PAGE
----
What are ultra-processed foods?
First, let’s get a clearer idea of what ultra-processed foods actually are. The study we will take a look at used the following definition.
“Ultra-processed foods are industrial formulations of processed food substances (oils, fats, sugars, starch, protein isolates) that contain little or no whole food and typically include flavourings, colourings, emulsifiers and other cosmetic additives.”
This may sound like a complicated definition but the foods that fall into this category couldn’t be more familiar. Here are some popular examples.
- Cookies, candy, chocolate bars
- Sausages, salami
- Breakfast cereal
- Instant soup, pre-made pasta and pizza
- Soda, sweetened beverages, alcoholic beverages
Why are ultra-processed foods problematic?
The “ultra-processing” that these foods get makes them low cost, ready-to-eat, and really tasty. Unfortunately, it also depletes their nutritional value because the processing removes fibre, vitamins, minerals, antioxidants, and protein. It also often results in them containing more calories, sugar, and saturated fat. If you’re wondering: yes, low in all of the healthy stuff and high in all of the problematic stuff. Over 70% of packaged foods in the USA are classified as ultra-processed and represent approximately 60% of all consumed calories. Similar numbers are also found in Europe and many other developed parts of the world, which makes ultra-processed foods a widespread problem.
A connection between ultra-processed foods and mental health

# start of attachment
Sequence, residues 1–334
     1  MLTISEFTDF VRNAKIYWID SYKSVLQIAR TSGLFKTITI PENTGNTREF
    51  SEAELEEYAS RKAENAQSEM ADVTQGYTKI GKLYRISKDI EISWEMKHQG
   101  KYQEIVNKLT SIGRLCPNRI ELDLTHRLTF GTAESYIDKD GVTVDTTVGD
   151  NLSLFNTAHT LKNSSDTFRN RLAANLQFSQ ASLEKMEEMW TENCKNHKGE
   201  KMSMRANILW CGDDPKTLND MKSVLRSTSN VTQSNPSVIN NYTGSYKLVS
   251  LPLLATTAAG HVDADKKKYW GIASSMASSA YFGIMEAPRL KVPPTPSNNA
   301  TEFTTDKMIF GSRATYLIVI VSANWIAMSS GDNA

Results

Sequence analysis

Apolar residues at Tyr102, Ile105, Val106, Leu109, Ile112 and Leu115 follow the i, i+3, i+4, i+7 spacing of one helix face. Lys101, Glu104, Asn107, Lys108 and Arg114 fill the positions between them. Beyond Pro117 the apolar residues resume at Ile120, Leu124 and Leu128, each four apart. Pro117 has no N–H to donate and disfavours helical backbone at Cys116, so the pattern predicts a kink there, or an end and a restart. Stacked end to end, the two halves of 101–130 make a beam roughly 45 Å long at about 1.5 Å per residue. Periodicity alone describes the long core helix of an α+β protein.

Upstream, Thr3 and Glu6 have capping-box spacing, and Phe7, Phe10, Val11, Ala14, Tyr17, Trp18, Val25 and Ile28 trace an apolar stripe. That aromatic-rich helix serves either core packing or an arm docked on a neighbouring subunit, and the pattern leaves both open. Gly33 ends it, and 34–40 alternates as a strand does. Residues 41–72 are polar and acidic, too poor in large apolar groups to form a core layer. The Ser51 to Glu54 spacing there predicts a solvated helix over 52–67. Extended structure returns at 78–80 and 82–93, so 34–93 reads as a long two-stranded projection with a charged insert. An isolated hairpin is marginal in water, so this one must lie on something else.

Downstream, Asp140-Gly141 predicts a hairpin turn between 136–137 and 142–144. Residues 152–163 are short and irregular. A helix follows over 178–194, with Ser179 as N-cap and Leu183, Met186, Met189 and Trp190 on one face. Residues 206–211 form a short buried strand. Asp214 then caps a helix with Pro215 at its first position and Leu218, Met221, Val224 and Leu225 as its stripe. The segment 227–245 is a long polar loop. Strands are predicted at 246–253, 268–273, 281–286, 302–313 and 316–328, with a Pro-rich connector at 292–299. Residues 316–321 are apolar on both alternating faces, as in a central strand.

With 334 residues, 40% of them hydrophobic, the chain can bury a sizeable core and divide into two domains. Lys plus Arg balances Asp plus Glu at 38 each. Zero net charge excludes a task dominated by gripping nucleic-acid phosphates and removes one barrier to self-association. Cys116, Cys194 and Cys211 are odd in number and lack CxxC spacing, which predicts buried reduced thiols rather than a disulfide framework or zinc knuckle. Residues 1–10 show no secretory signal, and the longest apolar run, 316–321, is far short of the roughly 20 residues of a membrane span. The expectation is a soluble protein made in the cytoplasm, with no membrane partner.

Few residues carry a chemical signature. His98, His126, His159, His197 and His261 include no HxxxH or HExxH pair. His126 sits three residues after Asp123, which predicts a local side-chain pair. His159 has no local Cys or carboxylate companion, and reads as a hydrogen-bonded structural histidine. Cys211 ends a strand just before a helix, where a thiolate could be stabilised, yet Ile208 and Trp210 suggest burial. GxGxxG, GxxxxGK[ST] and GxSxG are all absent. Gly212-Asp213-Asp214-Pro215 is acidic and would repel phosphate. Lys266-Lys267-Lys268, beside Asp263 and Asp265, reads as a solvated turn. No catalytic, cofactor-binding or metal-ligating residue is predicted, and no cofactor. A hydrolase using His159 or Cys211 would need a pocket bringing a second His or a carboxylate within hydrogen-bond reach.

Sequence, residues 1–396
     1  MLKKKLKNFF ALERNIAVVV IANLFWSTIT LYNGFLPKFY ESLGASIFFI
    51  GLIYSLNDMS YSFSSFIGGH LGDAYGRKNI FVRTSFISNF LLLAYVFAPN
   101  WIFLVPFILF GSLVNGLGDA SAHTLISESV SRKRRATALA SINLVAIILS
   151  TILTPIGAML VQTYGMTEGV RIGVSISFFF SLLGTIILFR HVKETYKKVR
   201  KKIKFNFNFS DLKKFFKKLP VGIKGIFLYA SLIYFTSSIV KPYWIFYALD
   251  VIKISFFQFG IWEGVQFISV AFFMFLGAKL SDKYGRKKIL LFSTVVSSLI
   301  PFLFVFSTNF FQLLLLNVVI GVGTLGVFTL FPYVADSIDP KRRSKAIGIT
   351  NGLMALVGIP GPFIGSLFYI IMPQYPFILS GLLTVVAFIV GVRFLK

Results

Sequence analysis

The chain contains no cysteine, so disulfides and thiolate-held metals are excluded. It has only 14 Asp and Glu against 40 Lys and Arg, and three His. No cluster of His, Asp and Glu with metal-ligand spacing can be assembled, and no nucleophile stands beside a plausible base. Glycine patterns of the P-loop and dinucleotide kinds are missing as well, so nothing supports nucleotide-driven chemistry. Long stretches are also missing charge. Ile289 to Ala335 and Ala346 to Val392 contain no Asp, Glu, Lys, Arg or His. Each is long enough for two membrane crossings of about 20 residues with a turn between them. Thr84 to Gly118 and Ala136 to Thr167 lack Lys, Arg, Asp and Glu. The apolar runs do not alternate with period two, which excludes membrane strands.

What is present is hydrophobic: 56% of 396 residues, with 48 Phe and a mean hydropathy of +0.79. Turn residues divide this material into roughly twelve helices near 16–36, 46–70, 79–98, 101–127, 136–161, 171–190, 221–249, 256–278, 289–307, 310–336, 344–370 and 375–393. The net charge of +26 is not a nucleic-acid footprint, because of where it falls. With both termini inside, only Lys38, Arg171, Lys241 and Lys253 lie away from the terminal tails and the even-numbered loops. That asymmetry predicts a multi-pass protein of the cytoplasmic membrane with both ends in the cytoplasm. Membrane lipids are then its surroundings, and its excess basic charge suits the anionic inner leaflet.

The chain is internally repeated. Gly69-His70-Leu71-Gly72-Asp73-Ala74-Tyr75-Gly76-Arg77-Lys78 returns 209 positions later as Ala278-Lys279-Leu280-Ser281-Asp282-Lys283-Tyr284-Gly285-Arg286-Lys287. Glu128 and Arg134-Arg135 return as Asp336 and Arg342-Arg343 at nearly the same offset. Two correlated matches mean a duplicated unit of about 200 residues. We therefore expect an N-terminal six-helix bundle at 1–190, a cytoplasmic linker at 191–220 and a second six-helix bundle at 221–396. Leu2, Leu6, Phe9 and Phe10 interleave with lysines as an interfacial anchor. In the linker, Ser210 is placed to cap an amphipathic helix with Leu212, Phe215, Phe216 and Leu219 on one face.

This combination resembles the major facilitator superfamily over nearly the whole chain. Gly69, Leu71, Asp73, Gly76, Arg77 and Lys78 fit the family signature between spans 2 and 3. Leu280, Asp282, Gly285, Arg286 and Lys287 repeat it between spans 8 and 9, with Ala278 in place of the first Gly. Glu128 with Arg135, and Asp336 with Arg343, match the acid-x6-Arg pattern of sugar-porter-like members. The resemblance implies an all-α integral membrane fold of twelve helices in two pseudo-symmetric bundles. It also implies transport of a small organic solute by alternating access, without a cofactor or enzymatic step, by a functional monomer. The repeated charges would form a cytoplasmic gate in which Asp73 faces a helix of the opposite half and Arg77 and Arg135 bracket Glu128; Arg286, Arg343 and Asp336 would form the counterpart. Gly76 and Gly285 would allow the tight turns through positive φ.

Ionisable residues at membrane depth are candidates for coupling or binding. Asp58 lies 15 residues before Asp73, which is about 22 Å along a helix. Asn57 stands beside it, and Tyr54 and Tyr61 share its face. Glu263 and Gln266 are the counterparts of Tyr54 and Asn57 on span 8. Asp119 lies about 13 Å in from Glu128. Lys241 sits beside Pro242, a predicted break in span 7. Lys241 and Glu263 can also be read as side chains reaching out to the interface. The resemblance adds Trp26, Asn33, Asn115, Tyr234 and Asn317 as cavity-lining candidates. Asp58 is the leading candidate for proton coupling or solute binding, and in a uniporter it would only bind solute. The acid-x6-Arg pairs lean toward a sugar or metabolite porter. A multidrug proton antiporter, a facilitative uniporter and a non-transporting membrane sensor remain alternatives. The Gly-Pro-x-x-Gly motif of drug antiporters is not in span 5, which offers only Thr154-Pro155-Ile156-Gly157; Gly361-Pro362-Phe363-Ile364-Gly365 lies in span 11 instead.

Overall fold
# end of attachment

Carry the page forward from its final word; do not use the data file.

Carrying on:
Researchers from Florida Atlantic University decided to find out if people that consume high amounts of ultra-processed foods report significantly more adverse mental health symptoms including depression, anxiety and mentally unhealthy days.
They found that those who consumed the most ultra-processed foods had more symptoms of mild depression and reported more “mentally unhealthy days” and “anxious days” compared to those who consumed the least amount of those foods.
“Data from this study add important and relevant information to a growing body of evidence concerning the adverse effects of ultra-processed consumption on mental health symptoms. Analytic epidemiologic research is needed to test the many hypotheses formulated from these descriptive data,” said Charles H. Hennekens, co-author of the study.
It may be some time before we fully understand the impact of ultra-processed food on our mood and mental health. But even studies like this one may be a good reason to try and opt for more real foods.